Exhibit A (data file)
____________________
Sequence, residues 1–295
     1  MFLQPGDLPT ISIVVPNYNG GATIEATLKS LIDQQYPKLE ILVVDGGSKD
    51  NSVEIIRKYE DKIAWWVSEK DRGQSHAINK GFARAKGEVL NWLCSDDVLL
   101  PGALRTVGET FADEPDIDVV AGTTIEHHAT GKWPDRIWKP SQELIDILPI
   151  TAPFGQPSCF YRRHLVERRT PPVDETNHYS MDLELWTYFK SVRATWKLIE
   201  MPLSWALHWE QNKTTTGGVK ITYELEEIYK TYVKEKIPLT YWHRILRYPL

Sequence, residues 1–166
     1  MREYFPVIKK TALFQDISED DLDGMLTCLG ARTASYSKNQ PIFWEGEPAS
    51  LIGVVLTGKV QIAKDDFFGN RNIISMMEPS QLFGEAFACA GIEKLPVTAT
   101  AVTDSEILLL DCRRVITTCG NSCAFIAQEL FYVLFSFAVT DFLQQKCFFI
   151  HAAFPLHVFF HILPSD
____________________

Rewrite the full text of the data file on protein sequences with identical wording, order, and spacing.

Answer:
Sequence, residues 1–295
     1  MFLQPGDLPT ISIVVPNYNG GATIEATLKS LIDQQYPKLE ILVVDGGSKD
    51  NSVEIIRKYE DKIAWWVSEK DRGQSHAINK GFARAKGEVL NWLCSDDVLL
   101  PGALRTVGET FADEPDIDVV AGTTIEHHAT GKWPDRIWKP SQELIDILPI
   151  TAPFGQPSCF YRRHLVERRT PPVDETNHYS MDLELWTYFK SVRATWKLIE
   201  MPLSWALHWE QNKTTTGGVK ITYELEEIYK TYVKEKIPLT YWHRILRYPL

Sequence, residues 1–166
     1  MREYFPVIKK TALFQDISED DLDGMLTCLG ARTASYSKNQ PIFWEGEPAS
    51  LIGVVLTGKV QIAKDDFFGN RNIISMMEPS QLFGEAFACA GIEKLPVTAT
   101  AVTDSEILLL DCRRVITTCG NSCAFIAQEL FYVLFSFAVT DFLQQKCFFI
   151  HAAFPLHVFF HILPSD